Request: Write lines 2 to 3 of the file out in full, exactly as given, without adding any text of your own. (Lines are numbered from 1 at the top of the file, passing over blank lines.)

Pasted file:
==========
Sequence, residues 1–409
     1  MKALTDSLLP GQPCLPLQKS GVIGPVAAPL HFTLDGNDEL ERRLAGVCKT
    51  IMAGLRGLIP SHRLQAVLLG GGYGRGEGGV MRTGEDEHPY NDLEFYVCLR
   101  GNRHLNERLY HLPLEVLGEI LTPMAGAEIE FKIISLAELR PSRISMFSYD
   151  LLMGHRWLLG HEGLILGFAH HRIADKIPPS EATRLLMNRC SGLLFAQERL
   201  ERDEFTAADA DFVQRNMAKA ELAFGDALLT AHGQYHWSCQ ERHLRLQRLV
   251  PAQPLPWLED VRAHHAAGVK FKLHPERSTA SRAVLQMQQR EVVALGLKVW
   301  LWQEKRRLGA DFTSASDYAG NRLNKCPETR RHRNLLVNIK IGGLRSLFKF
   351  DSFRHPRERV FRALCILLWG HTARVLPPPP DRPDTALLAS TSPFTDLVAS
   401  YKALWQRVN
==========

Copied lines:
     1  MKALTDSLLP GQPCLPLQKS GVIGPVAAPL HFTLDGNDEL ERRLAGVCKT
    51  IMAGLRGLIP SHRLQAVLLG GGYGRGEGGV MRTGEDEHPY NDLEFYVCLR